copper bells

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copper bells
COPPER BELL CRAFT
1. Introduction
2. Regions of Production
3. Raw Materials
4. Tools
5. Making of the Craft
5.1. Main Cylindrical Hollow
5.2 Semi-circular Hollow
5.3 Loop
5.4 Sound and Tonal Settings
6. Products and Their Uses
7. Primary Market
8. Appendix
1. Introduction
The art of bronze casting has been practiced in India for more than five million years.
Copper and bronze were perhaps the earliest non-ferrous metals which man shaped
into tools. Metal is part of the Indian mystique as each metal has its own alchemic and
healing powers.
The availability of different metals and their amenability to be worked into different
forms has made metals the base for a variety of decorative techniques such as inlay,
metal casting, carving, appliqué, etc.
Metal craft has also been an integral part of Indian culture. The lotas or water pitchers
are found in almost all parts of the country. The urli, a bell-metal vessel, in Kerala is a
basic element of its culture. The metal-based lamps in various shapes and designs are
part of the Indian traditions and rituals. In Ladakh, decorative kitchen stoves are made
purely by hand. In south India, metal icons, especially of bronze, are believed to absorb
the charged energy of the Divine and are stored in the inner sanctum of a temple where
the icon is installed.
Copper-coated iron bells from Kutch in Gujarat were made traditionally in Sindh, now in
Pakistan. The art has been passed down over the generations. At that time, the bells made
were exchanged for wheat, vegetables, milk, pots and pans or clothes. It was a natural
means to social and financial independence. These bells were used at entrances to homes
and were also hung around the necks of grazing animals like cows and goats. Locally, they
still serve the same purpose.
2. Regions of Production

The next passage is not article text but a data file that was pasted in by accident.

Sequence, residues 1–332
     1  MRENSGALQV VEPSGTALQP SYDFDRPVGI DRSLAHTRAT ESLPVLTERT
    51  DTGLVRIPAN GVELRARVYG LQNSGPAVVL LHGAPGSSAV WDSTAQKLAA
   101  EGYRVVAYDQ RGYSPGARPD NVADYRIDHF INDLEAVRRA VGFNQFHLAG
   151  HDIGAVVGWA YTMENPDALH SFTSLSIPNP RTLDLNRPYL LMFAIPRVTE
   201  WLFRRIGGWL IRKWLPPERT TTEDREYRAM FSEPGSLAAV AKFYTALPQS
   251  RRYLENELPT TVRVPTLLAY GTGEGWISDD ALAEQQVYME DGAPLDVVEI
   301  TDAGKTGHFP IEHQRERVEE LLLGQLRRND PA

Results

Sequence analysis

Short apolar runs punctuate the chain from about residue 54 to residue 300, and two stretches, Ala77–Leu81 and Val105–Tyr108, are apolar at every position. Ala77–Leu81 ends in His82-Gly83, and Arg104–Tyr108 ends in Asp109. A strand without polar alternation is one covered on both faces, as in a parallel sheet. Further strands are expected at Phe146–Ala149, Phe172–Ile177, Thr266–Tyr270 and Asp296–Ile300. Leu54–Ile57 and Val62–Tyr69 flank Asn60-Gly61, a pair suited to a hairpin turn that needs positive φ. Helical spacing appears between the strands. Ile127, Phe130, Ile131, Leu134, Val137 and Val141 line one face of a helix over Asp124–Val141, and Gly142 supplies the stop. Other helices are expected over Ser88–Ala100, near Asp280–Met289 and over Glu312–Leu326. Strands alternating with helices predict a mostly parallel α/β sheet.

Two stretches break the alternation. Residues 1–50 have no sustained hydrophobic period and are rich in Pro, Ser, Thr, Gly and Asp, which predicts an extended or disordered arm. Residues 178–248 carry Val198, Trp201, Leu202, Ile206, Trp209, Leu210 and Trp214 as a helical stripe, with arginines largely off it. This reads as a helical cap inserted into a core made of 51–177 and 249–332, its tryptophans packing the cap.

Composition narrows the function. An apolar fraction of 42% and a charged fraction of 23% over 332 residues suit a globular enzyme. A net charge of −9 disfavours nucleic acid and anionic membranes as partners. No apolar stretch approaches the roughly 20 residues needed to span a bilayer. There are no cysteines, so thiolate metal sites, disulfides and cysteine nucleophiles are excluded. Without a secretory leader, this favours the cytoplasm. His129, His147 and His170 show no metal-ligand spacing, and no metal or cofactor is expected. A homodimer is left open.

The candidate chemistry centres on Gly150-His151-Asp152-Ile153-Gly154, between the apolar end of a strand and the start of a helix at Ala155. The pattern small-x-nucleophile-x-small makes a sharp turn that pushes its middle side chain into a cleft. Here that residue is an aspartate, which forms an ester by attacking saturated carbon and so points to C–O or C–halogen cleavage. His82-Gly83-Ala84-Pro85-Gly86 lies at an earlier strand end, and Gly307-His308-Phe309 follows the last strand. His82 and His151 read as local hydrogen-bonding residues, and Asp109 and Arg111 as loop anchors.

Copper bells are now being made only in two villages in Bhuj, Gujarat. These are Nirona
and Zura.
In Rajasthan, what one gets is slightly different. The iron clapper that is used inside the
bell is made of metal instead of wood.
In Saharanpur, Uttar Pradesh, the shape and technique used are different as compared
to what one finds in Bhuj.
Most of the bell making is done in Kutch, Gujarat by the Lohars of the Muslim community.
The entire family is involved in the process, though women only do the mud coating on the
bells before they are put into the oven. Men perform the technical and critical tasks of
shaping the bells and setting their sound.
3. Raw Materials
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Iron scrap
Copper
Brass
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Cotton
Coal is needed for baking.
Wood for the clapper
Iron scrap is bought from Bhuj and also collected locally in the village. Copper and brass
powder is available in Bhuj. It costs Rs. 120 per kilogram approximately. Sourcing raw
material for bells is not a problem. Bells cost between Rs. 15-800 depending on the size
of the bell and number of bells in a particular frame, known as jhumar.
4. Tools
Different sizes of hammers are also used to beat the metal and for tonal setting. Most of
the tools used by bell makers are made by them, especially the ones used for sound and
tonal settings.
Photograph 1- Tools
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Khilli: This piece of iron bar is fitted perpendicular on the ground and used for
various functions.
Aran: This is also made out of solid iron. This tool has a flat and broadened
surface at the top. It is used for making surfaces flat and bending the sheet at
90˚.
Killi: It is a longer iron bar with an upright bend in order to reach the innermost
surface from inside. The longer upright bent bars are used to support the side
wall of the bigger bells.
5. Making of the Craft
The making of a copper bell can be divided into three parts:
5.1. Main Cylindrical Hollow
The body of a bell is made by shaping rectangular strips of iron plates into a cylindrical
hollow. The length and width of the iron strip used depends on the size of the bell to be
crafted. The stone on which the iron strips are shaped is also special. Holes of various
sizes are made in it to fit the iron strips for bells of various sizes.
Photograph 2- Shaping the metal sheet
5.2 Semi-circular Hollow
The cylindrical body is topped with a semi-circular shaped, half -orange hollow crown,
which is made from a small iron strip. The dome-like top looks like the inside of a bowl
and is welded perfectly with the cylindrical body of the bell.
5.3 Loop
The clasp loop at the top of the bell (through which is passed the rope or twine from
which the bells hangs) is attached. A very narrow iron strip is shaped like a horseshoe;